If you do not hear from me again, you can understand I am surrounded by a superior force. When thus situated, I trust the Government will see the necessity for re-enforcing me. My loss so far is about 5 killed and 6 wounded. The enemy has suffered considerably.

The fight yesterday was a gallant one on our part. Colonel Montgomery and Colonel Weer behaved admirably. In fact, all the troops engaged behaved steadily. Lieutenant Hollister is here, and is making himself useful. I can only try again. Send me re-enforcements.

Yours, truly,
Commanding Kansas Brigade..

Captain PRINCE,
Commanding Fort Leavenworth.

Fort Lincoln, September 4, 1861.
Capt. W. E. PRINCE, Commanding Post Fort Leavenworth:

Gen. James H. Lane

SIR: I dispatched Lieutenant Hollister to you to intelligently post you as to the situation of affairs on this border. I also inclose you a note from Colonel Montgomery, the last dispatch from him. I am holding Fort Scott with a cavalry force, regular and irregular, of about 800 men within 4 miles of the border and 12 miles of the enemy’s position. I am holding Barnesville, 12 miles northeast of Fort Scott, within 1½ miles of the border, with an irregular force of about 250 men, stationed in log buildings, and am now strengthening their position with earth intrenchments.

I have here a regular force of about 1,200 men, and an irregular force I am now organizing, amounting in all to about 400 or 600 men, and am strengthening the position to stay. I have before given you all the information as to the strength of the enemy. All sources of information concur that their force is in the neighborhood of 6,000; that they have fortified themselves on the Dry Wood, 10 miles northeast of Fort Scott, and are rapidly re-enforcing; that they have seven pieces of artillery, either one or two 12-pounder howitzers, and the balance 6-pounders; that they have already 1,000 mounted men, that are increasing much more rapidly than their infantry. The cavalry that we engaged are armed with minie rifles, and from the prisoners we have taken we learn the entire force is armed with the same. In their artillery are some of the guns taken from our army at the battle near Springfield. To retake those guns it seems to me would benefit the cause of the country as much as any other event that could transpire. Cannot this Government supply me without delay with sufficient artillery and men to destroy that army and capture those guns? It is within 15 miles of me, with a smooth prairie between us. In twelve hours after being re-enforced I can be upon them, give peace to Kansas, confuse the enemy, and advance the cause of the Union. I have detailed Lieutenant Hollister to the command, in the absence of Colonel Johnson, of the two companies of Iowa troops, and should like to retain him here in that command and as mustering officer. He has proved himself a gallant officer.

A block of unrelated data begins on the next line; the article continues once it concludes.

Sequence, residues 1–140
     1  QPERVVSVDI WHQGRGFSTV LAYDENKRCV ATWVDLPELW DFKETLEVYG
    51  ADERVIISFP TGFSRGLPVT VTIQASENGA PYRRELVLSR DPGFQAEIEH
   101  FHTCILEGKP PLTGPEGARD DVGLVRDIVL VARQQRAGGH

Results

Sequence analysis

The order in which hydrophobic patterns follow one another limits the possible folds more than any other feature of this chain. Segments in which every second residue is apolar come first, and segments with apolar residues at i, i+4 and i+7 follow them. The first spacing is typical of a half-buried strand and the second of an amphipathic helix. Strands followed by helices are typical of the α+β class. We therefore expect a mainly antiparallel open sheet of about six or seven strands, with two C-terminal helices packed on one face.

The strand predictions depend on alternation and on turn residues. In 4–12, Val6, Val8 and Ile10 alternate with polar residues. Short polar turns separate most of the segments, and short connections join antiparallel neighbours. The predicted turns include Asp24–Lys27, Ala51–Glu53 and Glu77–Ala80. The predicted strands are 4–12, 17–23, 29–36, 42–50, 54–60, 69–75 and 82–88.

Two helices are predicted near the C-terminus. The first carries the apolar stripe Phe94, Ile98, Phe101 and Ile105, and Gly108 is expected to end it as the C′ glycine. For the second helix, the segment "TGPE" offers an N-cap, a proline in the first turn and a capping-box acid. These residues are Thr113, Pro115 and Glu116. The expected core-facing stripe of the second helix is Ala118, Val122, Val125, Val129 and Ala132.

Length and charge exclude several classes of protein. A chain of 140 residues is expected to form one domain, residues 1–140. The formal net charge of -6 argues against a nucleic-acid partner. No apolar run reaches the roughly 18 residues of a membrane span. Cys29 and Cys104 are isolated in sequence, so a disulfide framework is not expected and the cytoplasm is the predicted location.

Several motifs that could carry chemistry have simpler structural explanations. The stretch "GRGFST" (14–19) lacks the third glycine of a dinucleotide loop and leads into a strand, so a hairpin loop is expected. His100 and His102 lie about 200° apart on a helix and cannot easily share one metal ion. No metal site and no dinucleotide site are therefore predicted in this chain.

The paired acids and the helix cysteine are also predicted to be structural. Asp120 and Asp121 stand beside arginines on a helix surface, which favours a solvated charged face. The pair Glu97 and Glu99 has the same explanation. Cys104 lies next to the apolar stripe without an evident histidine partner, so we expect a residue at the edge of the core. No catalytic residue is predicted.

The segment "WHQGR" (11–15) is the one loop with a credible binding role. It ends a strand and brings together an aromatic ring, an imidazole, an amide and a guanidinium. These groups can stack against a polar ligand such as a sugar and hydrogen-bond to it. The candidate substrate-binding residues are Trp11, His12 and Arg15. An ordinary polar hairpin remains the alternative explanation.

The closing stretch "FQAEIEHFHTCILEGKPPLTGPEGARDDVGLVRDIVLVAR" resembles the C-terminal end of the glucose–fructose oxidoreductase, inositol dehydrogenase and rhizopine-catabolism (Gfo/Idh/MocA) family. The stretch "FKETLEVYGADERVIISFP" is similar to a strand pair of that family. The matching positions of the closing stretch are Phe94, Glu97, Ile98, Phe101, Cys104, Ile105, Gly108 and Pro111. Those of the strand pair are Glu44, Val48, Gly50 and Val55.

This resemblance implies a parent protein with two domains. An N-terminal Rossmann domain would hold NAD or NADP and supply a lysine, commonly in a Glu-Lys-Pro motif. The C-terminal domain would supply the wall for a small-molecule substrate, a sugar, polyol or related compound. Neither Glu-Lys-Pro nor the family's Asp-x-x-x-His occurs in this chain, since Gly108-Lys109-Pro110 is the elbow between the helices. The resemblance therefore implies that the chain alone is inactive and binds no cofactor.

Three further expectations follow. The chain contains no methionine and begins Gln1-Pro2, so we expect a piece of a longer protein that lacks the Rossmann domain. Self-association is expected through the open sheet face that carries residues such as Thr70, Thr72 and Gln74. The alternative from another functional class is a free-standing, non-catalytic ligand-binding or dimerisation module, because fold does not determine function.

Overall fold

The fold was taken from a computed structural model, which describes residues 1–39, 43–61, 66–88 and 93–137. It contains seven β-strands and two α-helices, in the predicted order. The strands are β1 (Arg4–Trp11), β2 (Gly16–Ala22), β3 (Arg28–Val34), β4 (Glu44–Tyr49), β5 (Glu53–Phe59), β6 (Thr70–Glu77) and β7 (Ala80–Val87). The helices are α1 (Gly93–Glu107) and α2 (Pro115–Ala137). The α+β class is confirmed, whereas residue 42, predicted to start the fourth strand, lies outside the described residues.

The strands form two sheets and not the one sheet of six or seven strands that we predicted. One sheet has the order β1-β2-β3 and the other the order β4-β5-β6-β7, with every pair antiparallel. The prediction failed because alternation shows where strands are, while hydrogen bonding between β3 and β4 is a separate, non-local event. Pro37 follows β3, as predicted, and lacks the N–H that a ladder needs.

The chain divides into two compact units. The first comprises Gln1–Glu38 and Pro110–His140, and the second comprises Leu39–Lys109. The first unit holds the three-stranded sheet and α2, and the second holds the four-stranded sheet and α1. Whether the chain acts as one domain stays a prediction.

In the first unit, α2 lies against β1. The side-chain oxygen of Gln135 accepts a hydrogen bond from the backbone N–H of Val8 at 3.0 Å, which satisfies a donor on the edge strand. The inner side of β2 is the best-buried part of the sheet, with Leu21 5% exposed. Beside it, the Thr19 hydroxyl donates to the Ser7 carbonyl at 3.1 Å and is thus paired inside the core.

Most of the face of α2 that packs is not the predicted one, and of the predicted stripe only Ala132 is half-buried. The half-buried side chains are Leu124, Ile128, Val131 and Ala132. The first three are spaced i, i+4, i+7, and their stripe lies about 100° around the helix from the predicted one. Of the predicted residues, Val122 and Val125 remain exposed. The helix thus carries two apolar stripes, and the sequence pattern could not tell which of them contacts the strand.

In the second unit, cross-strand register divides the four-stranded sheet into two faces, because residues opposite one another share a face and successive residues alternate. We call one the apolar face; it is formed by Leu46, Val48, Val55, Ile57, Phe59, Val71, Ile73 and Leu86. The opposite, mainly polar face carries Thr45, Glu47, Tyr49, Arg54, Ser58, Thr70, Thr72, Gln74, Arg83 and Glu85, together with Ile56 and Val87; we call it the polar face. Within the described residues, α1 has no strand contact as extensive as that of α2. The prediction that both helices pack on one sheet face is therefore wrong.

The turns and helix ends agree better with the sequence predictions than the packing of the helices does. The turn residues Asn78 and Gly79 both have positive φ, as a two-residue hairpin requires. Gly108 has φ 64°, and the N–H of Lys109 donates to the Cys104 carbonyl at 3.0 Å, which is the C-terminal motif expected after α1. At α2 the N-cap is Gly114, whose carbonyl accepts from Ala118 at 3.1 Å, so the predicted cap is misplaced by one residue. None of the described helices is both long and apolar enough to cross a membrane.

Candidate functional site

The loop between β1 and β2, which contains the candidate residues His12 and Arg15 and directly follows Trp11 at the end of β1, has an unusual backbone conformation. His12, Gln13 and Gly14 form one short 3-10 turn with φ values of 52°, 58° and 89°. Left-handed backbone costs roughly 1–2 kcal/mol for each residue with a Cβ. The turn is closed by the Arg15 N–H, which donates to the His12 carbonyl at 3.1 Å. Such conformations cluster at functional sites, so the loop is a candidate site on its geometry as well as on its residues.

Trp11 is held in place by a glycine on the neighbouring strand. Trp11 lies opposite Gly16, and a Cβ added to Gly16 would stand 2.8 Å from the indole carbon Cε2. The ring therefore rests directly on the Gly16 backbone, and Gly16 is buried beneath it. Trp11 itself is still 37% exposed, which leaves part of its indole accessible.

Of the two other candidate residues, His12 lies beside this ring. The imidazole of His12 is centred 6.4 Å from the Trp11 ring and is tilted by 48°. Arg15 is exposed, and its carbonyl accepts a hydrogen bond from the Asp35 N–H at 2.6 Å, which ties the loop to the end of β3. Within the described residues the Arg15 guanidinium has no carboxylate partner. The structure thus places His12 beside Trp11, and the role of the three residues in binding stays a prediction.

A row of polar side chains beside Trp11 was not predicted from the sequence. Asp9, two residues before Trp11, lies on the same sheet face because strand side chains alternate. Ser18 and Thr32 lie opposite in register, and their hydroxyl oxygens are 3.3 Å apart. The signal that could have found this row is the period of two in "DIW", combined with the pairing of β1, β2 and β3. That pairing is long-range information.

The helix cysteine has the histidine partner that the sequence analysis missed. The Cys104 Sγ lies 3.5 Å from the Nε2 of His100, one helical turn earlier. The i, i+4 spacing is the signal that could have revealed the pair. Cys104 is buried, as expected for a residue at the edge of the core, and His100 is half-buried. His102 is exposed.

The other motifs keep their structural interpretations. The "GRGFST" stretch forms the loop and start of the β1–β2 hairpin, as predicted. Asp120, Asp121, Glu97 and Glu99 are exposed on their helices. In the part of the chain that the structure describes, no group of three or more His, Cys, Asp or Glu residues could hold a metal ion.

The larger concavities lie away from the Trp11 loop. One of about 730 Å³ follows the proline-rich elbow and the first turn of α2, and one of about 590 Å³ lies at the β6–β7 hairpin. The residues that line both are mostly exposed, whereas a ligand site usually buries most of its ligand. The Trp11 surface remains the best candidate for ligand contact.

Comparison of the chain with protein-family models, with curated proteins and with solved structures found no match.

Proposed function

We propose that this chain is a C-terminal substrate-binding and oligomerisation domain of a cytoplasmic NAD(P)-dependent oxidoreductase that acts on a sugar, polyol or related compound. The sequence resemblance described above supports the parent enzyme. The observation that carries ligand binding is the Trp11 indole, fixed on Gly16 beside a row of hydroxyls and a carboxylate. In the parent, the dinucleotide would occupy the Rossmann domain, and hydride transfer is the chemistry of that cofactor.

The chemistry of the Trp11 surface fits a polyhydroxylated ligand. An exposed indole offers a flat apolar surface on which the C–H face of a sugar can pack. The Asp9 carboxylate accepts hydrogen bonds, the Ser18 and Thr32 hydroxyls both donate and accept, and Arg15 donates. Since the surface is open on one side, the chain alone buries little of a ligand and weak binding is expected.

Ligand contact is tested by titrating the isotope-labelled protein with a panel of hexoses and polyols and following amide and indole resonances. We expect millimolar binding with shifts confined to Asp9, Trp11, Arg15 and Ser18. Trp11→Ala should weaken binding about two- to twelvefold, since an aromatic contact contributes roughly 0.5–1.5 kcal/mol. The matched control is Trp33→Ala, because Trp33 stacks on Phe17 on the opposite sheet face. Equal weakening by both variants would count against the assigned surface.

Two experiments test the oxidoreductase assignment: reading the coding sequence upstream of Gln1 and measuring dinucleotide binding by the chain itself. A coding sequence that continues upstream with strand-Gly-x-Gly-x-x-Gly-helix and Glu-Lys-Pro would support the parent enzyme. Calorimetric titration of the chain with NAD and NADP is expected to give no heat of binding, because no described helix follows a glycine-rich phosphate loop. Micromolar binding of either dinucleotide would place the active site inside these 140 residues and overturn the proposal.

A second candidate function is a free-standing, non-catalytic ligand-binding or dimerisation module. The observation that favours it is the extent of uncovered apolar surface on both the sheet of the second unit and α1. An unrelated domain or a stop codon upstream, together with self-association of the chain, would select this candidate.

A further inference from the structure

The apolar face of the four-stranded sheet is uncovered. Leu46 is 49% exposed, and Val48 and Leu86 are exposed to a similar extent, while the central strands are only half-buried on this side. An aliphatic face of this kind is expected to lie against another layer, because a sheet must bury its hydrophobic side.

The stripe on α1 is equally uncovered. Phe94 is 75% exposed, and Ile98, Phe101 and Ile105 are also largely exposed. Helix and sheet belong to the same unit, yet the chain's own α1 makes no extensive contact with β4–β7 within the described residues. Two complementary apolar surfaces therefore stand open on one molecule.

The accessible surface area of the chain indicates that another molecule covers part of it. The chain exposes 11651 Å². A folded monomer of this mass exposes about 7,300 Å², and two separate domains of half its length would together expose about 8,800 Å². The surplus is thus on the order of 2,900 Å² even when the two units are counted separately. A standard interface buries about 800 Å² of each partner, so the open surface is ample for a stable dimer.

Rumors that the enemy is moving are coming in, but I do not fully rely upon them.

I send you the last note from Montgomery.

Commanding Kansas Brigade


The Civil War in Missouri: A Military History by Louis S. Gerteis

The Civil War on the Border, Volume 1 by Wiley Britton

Official Military History of Kansas Regiments During the War for the Suppression of the Great Rebellion, W.S. Burke, Publisher

Official Records of the Union and Confederate Armies in the War of the Rebellion, Series I, Volume 3